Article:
Screens 5 p.m. Sunday, Oct. 31 at Ultrastar Cinemas Mission Valley, 7510 Hazard Center Drive #100, Mission Valley.

“All About My Sisters”

The West Coast premiere of the documentary film about Chinese director Wang Qiong’s family is both a tender and confrontational reflection on China’s one-child policy. Qiong was recently listed in Filmmaker magazine as one of the “25 New Faces of Independent Cinema,” and Hu says that of all the films this year from emerging artists, she “is definitely a talent that will be going somewhere.”

Screens 6:35 p.m. Wednesday, Nov. 3 at Ultrastar Cinemas Mission Valley, 7510 Hazard Center Drive #100, Mission Valley.

A scene from "Drive My Car," the closing film at the 2021 San Diego Asian Film Festival.
A scene from “Drive My Car,” the closing film at the 2021 San Diego Asian Film Festival.
(Courtesy of Pacific Arts Movement)

“Drive My Car”

The closing night film from director Ryusuke Hamaguchi (“Happy Hour,” “Wheel of Fortune and Fantasy”) won Best Screenplay at Cannes this year and is Japan’s official submission for the Best International Feature prize at the Academy Awards. Adapted from a short story by Haruki Murakami (“Kafka on the Beach”), the film centers on a widowed actor who forms an unlikely bond with a female chauffeur tasked with driving him around. Hu calls the film a perfect closer because “it’s a very complete sort of movie” and an arthouse film that “lands in San Diego with a bit of stature.”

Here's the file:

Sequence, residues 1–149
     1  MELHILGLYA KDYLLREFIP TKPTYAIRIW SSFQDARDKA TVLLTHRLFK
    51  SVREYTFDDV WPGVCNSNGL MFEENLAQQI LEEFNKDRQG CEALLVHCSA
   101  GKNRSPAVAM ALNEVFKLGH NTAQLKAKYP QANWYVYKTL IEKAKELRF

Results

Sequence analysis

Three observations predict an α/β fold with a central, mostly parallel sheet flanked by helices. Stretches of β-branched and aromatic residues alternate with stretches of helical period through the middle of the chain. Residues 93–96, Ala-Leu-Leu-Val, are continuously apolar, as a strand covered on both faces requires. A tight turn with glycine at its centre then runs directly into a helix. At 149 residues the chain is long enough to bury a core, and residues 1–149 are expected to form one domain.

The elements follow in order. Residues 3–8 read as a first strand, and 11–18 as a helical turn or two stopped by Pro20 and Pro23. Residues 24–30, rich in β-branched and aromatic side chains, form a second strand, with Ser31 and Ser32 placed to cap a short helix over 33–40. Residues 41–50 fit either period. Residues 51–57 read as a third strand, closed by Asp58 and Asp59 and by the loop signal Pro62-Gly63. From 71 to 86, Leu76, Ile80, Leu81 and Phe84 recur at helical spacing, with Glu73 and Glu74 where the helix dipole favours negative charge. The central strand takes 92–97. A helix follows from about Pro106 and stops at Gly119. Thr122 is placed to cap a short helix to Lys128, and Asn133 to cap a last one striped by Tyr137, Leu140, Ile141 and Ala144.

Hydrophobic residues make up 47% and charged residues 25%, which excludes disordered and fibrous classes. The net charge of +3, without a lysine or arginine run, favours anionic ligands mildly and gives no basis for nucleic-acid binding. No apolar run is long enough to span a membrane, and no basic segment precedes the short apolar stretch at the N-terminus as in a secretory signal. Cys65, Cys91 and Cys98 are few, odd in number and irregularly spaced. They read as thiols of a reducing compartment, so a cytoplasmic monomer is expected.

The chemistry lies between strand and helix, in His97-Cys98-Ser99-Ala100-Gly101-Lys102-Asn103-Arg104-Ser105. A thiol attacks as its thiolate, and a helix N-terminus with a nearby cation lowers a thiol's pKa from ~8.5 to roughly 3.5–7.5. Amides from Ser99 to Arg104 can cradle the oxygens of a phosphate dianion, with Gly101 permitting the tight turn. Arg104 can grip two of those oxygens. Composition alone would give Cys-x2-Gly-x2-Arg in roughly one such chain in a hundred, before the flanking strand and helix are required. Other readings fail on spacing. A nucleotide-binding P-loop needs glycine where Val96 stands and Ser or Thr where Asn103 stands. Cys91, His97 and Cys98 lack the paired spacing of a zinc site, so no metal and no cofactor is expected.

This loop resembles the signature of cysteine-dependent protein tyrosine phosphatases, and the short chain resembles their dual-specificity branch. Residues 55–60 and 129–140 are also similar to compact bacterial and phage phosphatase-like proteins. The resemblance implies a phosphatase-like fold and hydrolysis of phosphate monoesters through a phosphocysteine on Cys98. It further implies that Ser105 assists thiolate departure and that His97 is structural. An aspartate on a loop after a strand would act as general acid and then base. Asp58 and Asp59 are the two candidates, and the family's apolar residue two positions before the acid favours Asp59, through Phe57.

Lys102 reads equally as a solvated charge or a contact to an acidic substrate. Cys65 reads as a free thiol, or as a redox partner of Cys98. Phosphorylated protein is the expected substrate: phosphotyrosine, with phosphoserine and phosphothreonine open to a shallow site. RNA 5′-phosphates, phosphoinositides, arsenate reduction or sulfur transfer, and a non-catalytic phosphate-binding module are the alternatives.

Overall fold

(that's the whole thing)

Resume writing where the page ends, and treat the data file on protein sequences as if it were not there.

Screens 6:30 and 7 p.m. Friday, Nov. 5 at Angelika Film Center & Café, 11620 Carmel Mountain Road, Carmel Mountain.

Reel Voices Shorts

The SDAFF will screen dozens of short films and documentaries throughout the week, but the annual Reel Voices showcase will be the place to view young local talent. Selected from PacArts’ documentary filmmaking programs for local teens, the nine short films range from comedic to serious.

Says Hu: “Most kids these days grew up with cameras, so it’s now not so much focused on the technical aspects of filmmaking, but asking them new cutting edge questions like: Why are you making films? How do you make films that engage your community? What does it mean to make socially relevant films? That’s not what they’re learning when they’re picking up their iPhones. That’s not what TikTok is teaching them.”

Screens 12 p.m. Sunday, Oct. 31 at Ultrastar Cinemas Mission Valley, 7510 Hazard Center Drive #100, Mission Valley.

San Diego Asian Film Festival

When: Various times from Thursday through November 6

Where: Various venues throughout San Diego County

Tickets: Free to $16 for individual screenings; $60 for six-pack of films; $195 to $295 for all-fest pass (includes front-of-line privileges, receptions and award gala admission, and commemorative program).